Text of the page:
Sailmaker's roping palm, 1888
Contributed by an individual through Maine Historical Society
Not available for reproduction or licensing. More info.
This tool is worn on the hand and used to push a sailmaker's needle through heavy material, often through multiple layers. The end of the needle fits into one of the indentations on the "eye," the round metal part of the palm.
This roping palm is used for heavier work such as sewing bolt rope around the edge of the sails, working with leather, or hand sewing grommets. With this work, twine is wrapped around the "horn" to pull and tighten each stitch. A smaller, lighter seaming palm would be used for hand-stitching panels of canvas together.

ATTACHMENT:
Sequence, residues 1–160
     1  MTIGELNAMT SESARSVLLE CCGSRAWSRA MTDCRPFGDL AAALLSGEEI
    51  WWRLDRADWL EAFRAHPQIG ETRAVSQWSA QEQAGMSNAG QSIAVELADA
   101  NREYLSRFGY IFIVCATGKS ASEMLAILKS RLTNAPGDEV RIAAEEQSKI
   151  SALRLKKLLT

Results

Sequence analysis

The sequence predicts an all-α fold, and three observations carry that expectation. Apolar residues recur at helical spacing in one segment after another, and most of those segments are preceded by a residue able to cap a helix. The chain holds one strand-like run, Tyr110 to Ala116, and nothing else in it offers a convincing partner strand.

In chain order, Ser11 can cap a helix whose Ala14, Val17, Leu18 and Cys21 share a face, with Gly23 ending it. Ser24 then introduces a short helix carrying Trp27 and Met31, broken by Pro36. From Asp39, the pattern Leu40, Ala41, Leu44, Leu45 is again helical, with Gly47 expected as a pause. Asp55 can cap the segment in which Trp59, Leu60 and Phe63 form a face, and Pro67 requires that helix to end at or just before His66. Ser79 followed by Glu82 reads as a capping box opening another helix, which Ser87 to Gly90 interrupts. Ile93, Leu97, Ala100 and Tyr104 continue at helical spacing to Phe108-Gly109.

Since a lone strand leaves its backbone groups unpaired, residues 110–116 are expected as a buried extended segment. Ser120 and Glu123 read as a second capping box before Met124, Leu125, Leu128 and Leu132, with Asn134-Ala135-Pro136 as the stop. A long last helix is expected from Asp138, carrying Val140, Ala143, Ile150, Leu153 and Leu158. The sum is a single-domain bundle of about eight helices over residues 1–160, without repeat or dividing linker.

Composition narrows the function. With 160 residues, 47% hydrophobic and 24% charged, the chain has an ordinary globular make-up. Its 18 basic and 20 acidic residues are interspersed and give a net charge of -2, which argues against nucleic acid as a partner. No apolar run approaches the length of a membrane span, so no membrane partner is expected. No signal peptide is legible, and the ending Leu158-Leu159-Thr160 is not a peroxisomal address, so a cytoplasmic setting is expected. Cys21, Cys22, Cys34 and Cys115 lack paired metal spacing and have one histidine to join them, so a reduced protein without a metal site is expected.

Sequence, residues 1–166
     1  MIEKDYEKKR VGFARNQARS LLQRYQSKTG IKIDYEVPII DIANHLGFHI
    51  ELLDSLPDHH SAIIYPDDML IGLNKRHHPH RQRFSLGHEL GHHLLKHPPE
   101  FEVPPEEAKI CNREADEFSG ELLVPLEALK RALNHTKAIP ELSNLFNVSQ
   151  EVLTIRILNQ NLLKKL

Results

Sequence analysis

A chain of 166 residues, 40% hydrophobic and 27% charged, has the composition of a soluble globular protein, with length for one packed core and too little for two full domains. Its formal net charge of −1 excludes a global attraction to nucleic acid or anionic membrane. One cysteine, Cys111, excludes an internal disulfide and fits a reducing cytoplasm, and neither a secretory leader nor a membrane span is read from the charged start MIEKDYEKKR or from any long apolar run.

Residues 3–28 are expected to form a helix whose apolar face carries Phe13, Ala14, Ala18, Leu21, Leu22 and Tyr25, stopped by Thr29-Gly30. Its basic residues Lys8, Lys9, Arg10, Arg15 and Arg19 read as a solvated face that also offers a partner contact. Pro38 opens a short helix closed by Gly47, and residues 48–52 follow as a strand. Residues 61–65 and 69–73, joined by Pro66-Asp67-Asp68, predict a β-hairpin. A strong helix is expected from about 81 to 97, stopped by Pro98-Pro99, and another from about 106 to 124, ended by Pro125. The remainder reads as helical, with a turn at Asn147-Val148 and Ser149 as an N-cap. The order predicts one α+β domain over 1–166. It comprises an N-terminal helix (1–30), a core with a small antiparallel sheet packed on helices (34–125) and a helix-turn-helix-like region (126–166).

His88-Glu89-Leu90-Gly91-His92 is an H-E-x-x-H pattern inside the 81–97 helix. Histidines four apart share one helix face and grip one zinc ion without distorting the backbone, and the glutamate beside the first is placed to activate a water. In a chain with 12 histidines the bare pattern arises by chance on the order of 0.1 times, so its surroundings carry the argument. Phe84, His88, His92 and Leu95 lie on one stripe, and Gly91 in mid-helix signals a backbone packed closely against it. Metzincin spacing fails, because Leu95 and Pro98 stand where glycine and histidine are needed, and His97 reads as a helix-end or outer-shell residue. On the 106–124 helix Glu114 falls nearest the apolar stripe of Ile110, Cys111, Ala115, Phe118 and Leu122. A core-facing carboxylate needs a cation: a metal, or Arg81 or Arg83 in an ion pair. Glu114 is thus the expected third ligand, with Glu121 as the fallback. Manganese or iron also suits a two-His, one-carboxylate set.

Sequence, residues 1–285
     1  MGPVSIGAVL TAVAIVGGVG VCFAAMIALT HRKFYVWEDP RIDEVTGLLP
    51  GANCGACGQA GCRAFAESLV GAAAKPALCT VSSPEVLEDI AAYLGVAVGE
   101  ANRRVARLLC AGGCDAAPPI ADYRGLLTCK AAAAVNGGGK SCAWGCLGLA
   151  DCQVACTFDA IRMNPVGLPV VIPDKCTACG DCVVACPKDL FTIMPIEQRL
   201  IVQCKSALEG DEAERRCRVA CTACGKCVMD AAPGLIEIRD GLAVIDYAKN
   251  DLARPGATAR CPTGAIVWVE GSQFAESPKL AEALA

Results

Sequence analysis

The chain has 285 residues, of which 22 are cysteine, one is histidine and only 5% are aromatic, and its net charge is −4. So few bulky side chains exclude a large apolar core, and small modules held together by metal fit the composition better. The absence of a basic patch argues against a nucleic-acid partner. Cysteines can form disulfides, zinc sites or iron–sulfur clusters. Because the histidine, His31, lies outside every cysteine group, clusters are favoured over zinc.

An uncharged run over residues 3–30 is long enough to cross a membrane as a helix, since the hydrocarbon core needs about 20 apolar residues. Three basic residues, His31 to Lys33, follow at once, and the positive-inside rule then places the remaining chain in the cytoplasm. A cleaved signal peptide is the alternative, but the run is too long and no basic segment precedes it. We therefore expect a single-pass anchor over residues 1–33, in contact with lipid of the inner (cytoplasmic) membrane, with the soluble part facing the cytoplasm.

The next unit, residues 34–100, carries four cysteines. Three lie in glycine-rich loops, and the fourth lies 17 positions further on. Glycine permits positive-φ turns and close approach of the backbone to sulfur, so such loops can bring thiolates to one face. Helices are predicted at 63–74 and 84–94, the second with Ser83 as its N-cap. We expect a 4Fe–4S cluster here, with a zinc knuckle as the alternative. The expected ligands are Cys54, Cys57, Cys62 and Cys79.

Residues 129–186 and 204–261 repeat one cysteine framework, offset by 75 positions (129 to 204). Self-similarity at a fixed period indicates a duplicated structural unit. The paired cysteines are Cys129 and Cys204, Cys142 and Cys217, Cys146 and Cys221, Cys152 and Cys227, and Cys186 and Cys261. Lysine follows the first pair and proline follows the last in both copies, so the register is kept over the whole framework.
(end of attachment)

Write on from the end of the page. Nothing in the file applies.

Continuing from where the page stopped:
Amos Perkins Lord, a late nineteenth and early twentieth century sailmaker in Camden, owned the palm.
- Title: Sailmaker's roping palm, 1888
- Creation Date: 1888
- Subject Date: 1888
- Town: Camden
- County: Knox
- State: ME
- Media: Leather, metal eye
- Object Type: Physical Object
For more information about this item, contact:
Maine Historical Society
489 Congress Street, Portland, ME 04101
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